Currently browsing posts about: Wall-Street

Apr 26 2012

Walmart’s embarrassing bribery case

On April 22, the New York Times published an unusually lengthy account (front page plus three full pages) of how Walmart executives in Mexico bribed officials to allow the company to open stores in many locations in record time.

I was struck by the simplicity of the rationale for the illegal behavior (I’ve italicized the key points):

But The Times’s examination uncovered a prolonged struggle at the highest levels of Wal-Mart, a struggle that pitted the company’s much publicized commitment to the highest moral and ethical standards against its relentless pursuit of growth.

Under fire from labor critics, worried about press leaks and facing a sagging stock price, Wal-Mart’s leaders recognized that the allegations could have devastating consequences, documents and interviews show.

Wal-Mart de Mexico was the company’s brightest success story, pitched to investors as a model for future growth. (Today, one in five Wal-Mart stores is in Mexico.) Confronted with evidence of corruption in Mexico, top Wal-Mart executives focused more on damage control than on rooting out wrongdoing.

As I keep saying, Wall Street pressures on corporations not only to make profits, but to grow profits every quarter, are the root cause of much food company corruption and corner-cutting.

 

Feb 10 2012

Pepsi cuts 8,700 jobs; 4th quarter profits rise

Pepsi is about to put 8,700 of its worldwide employees out of work.   This might make you think the company is in trouble.

Let’s have some fun with the numbers reported by Reuters in today’s New York Times

Pepsi reports increases in:

  • Annual dividends: 4%
  • Expenditures on advertising: an additional $500 million
  • Expenditures on display racks: an additional $100 million
  • Fourth quarter profits: from $1.37 billion a year ago to $1.42 billion
  • Earnings per share: from 85 cents a year ago to 89 cents
  • Revenues: up 11% to $20.2 billion

Let’s get the logic straight here:

  • PepsiCo made $1.42 billion in profits last quarter.
  • The company’s revenues, profits, and returns to investors are increasing.
  • QED: it is adding 8,700 out-of-work people to an already depressed job economy.

Only Wall Street would view Pepsi’s bottom line as problematic and its CEO, Indra Nooyi, as in trouble:

Ms. Nooyi has come under pressure from Wall Street for a stagnant stock price and a lagging North American beverage business. She has been criticized for taking her eye off the core business of sodas to expand into healthier products, such as hummus and drinkable oatmeal.

When it comes to Wall Street, forget about jobs and health.  Only one thing counts: meeting those quarterly growth targets.

Advocates for a healthier food system should not expect much help from food corporations.

They will only be able to help if forced to by public pressure and regulation.

Jul 25 2011

Campbell Soup fights the salt wars

As I endlessly repeat, even companies that want to make “healthier” products cannot do it—unless the products sell. If they don’t, forget it.

Witness: Campbell Soup. The company has given up on reducing the absurdly high salt content of its soups and is adding back the salt. Why? Its “health-inspired low-sodium push failed to lift sales.”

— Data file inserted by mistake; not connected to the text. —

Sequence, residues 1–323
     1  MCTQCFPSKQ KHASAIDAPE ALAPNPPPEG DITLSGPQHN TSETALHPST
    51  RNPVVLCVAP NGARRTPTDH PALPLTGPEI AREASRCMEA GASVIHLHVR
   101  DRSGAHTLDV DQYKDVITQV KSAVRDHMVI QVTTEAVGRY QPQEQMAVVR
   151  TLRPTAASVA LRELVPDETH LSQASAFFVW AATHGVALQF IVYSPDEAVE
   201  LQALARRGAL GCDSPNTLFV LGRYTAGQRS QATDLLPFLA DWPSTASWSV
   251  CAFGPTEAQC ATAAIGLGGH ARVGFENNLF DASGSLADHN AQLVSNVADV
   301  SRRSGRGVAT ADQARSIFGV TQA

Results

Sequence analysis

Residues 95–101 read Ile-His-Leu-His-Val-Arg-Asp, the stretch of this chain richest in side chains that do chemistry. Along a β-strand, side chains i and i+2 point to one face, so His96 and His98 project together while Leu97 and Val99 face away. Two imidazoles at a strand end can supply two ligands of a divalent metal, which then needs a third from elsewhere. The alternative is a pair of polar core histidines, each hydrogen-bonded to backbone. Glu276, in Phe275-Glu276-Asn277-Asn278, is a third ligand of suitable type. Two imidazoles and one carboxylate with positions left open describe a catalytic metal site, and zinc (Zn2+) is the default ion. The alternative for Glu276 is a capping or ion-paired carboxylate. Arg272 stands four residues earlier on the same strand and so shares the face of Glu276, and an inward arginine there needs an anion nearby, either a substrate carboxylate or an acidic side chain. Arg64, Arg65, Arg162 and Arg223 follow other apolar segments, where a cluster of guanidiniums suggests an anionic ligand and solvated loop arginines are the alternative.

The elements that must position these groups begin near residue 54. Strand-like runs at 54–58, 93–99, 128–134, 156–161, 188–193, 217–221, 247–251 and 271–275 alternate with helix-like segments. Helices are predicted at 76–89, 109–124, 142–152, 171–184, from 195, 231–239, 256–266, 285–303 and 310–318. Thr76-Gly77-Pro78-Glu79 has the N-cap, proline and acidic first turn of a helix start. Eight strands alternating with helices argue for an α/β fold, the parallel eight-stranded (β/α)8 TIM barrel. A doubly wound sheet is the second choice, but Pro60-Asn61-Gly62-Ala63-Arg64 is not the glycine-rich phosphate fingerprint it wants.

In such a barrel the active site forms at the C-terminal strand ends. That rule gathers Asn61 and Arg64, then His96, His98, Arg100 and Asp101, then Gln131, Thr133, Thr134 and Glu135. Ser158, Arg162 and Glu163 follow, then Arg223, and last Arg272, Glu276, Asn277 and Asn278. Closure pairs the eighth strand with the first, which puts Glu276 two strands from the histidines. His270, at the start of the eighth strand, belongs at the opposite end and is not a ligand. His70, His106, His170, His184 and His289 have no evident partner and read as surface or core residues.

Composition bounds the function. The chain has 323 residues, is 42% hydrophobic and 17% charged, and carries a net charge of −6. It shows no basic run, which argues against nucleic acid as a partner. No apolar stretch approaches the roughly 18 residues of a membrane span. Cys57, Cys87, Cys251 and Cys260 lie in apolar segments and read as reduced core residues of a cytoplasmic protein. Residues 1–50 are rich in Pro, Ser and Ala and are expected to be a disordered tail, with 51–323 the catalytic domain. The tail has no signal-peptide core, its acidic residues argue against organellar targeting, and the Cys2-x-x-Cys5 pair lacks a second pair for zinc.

Campbell’s new CEO announced this at, no surprise, its annual investors’ meeting: “For me it’s about stabilizing it [company sales] first and then planning growth beyond that.”

Campbell shares rose by 1.3%.  Investment analysts were optimistic: “We look for future results to benefit from an increased emphasis on bolstering sales with tasty soup products.” 

From Campbell’s point of view, any guidelines that require it to reduce salt set “virtually unachievable” standards that are “misguided and counterproductive.”

In practice, the “draconian” thresholds for sodium, fat and sugars meant a high proportion of foods currently on the market would not meet the standards, while the proposed nutritional principles “describe products that manufacturers will not produce because children and teens will not eat them.”

From the standpoint of the advertising industry, Campbell’s “U-turn is a cautionary tale.”

Campbell’s problem, according to the industry, is that it “didn’t just dip its toe in the water with some stealthy, under-the-radar sodium reduction, it went for it all guns blazing as part of an overall commitment to ‘nourish people’s lives everywhere, every day.”

Clearly, concern about its customers’ health was a big mistake. And business analysts note that Campbell’s

u-turn – albeit just on one product line – raised questions about just how strong this commitment actually was…What would happen if instead of investing marketing dollars into a ‘please try me again’ campaign, Campbell’s embarked on a ‘we are absolutely determined to make this work’ campaign?

Oops. Bad press. In response, Campbell backtracked again.

In a press release, the company insisted that it is continuing to produce lower-sodium choices including 90 varieties of Campbell’s soups and more than 100 other Campbell products, such as V8 juices, Prego Italian sauces, SpaghettiOs pastas and most Pepperidge Farm breads.

The CEO said:

“Reducing sodium was absolutely the right thing for our company to do”  and Campbell’s Healthy Request, the company’s popular line of heart-healthy soups, has had compound annual sales growth of 21 percent over the past five years.

Campbell also says it ”plans to shift the allocation of its R&D resources to ensure the company’s efforts are focused on a variety of ways to bring innovative products to market, not only on sodium reduction.”

We know that many consumers take great interest in the impact of the foods they eat on their long-term health and well-being … But we also recognize that the health and wellness attributes of foods mean different things to different people. For many, weight loss and weight maintenance is of primary importance. Others define their wellness needs in terms of vegetable nutrition, sodium reduction, energy and stamina, or digestive health. Thus, reducing sodium is just one component of our wellness strategy.